NOTE: A surveillance case definition is a set of uniform criteria used to define a disease for public health surveillance. Surveillance case definitions enable public health officials to classify and count cases consistently across reporting jurisdictions. Surveillance case definitions are not intended to be used by healthcare providers for making a clinical diagnosis or determining how to meet an individual patient’s health needs.
An illness of variable severity commonly manifested by diarrhea, abdominal pain, nausea, and sometimes vomiting. Asymptomatic infections may occur, and the organism may cause extraintestinal infections.
Laboratory Criteria for Diagnosis
Isolation of Salmonella from a clinical specimen.
A clinically compatible case that is epidemiologically linked to a confirmed case.
A case that is laboratory confirmed
Laboratory-confirmed isolates are reported to CDC via the Public Health Laboratory Information System (PHLIS), which is managed by the Foodborne and Diarrheal Diseases Branch, Division of Bacterial and Mycotic Diseases, National Center for Infectious Diseases, CDC. Both probable and confirmed cases are reported to the National Notifiable Diseases Surveillance System, but only confirmed cases are reported to PHLIS. Both asymptomatic infections and infections at sites other than the gastrointestinal tract, if laboratory confirmed, are considered confirmed cases that should be reported to PHLIS.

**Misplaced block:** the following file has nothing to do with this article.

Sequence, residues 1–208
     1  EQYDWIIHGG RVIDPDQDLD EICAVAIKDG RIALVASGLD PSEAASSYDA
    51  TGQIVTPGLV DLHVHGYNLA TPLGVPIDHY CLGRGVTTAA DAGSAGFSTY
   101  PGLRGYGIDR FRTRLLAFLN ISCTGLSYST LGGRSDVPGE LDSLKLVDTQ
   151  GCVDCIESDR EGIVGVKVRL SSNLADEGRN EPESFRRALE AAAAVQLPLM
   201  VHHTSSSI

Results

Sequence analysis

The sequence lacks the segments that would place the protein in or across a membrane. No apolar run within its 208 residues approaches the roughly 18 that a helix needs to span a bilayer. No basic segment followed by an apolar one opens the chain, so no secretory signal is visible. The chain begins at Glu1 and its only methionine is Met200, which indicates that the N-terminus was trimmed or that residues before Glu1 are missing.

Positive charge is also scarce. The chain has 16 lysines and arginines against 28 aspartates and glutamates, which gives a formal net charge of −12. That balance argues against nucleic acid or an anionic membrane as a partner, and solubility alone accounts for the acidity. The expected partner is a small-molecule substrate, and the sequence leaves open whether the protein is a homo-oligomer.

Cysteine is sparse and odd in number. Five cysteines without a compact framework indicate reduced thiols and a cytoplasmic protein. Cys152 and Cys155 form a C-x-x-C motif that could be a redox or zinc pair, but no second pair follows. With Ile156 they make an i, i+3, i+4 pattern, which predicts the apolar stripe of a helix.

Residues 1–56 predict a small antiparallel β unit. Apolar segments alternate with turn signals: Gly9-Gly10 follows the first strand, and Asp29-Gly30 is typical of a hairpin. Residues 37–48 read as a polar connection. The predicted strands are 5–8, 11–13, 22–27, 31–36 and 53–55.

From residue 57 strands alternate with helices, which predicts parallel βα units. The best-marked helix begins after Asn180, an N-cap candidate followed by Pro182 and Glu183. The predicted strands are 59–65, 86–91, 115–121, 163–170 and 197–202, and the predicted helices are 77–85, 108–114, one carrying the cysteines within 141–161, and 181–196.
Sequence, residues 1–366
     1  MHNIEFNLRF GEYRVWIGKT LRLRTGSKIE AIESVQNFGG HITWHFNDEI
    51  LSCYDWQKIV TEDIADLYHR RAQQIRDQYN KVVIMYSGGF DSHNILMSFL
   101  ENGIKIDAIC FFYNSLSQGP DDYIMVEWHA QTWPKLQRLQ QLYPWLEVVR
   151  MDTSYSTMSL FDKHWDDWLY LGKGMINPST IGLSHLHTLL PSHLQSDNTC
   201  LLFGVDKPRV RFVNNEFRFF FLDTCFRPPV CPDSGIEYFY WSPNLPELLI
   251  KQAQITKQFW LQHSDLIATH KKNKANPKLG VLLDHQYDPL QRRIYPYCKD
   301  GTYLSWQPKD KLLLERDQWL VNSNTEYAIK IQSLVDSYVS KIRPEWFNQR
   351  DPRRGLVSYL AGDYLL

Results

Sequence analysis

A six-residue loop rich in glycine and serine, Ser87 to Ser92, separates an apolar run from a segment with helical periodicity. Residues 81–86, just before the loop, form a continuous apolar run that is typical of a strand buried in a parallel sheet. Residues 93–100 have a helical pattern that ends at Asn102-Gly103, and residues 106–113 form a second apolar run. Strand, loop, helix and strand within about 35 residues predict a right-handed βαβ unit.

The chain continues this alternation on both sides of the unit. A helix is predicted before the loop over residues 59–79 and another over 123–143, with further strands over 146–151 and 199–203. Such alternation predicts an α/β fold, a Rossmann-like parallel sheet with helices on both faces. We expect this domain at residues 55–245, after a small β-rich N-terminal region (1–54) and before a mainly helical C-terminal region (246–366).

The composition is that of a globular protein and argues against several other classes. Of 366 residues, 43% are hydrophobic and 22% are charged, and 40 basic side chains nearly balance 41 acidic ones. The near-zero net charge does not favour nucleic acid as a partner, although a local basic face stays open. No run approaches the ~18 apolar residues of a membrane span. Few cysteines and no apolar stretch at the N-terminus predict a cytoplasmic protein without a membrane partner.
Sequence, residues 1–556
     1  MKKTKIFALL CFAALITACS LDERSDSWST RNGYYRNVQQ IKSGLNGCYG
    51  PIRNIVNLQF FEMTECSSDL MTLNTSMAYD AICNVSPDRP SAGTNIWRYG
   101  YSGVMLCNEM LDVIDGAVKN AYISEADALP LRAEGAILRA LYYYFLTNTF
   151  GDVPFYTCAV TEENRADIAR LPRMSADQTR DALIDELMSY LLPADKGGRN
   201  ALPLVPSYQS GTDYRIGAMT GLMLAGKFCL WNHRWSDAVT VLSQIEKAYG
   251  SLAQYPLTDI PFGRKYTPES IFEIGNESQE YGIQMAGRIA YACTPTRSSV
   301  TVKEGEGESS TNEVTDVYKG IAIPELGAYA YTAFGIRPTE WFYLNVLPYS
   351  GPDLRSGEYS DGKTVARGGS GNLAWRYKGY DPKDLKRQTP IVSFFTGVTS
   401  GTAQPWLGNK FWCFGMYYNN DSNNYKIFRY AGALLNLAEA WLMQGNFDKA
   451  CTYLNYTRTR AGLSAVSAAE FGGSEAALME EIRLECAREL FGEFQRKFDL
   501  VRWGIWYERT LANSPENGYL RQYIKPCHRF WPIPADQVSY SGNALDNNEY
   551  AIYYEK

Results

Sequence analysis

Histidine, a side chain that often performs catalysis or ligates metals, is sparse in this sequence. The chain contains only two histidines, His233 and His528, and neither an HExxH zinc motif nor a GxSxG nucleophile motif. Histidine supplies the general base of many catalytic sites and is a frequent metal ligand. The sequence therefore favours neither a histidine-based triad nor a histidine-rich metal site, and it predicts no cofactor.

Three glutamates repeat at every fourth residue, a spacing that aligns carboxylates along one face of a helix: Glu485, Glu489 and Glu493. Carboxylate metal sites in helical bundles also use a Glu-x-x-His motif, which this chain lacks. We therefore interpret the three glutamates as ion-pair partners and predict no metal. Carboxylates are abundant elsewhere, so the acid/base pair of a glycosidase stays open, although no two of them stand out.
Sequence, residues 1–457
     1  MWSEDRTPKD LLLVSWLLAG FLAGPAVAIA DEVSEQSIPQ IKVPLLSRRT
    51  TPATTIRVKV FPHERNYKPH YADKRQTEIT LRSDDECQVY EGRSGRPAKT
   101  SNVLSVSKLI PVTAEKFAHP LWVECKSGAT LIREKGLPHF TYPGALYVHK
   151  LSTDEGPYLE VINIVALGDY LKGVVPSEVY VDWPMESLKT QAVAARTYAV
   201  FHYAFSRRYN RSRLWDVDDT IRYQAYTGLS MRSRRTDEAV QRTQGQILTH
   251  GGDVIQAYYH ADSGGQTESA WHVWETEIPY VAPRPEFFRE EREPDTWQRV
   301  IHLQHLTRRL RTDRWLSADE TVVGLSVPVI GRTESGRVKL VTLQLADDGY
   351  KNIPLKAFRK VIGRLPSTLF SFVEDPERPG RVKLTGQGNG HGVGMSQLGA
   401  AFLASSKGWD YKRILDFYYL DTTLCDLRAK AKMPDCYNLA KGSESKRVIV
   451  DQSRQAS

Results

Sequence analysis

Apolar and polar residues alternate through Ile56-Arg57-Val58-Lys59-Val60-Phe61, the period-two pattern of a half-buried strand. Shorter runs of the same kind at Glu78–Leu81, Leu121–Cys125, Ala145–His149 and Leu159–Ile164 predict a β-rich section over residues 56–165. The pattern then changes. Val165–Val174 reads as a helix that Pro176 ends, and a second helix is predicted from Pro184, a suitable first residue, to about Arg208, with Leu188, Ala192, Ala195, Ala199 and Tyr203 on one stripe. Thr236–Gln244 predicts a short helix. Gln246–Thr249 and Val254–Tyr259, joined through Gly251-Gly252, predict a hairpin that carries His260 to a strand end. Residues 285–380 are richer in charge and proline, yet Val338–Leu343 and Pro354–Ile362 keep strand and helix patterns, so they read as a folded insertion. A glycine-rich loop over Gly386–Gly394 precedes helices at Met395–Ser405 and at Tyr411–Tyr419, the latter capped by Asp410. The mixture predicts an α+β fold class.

The 1997 case definition appearing on this page was previously published in the 1990 MMWR Recommendations and Reports titled Case Definitions for Public Health Surveillance.1 Thus, the 1990 and 1997 versions of the case definition are identical.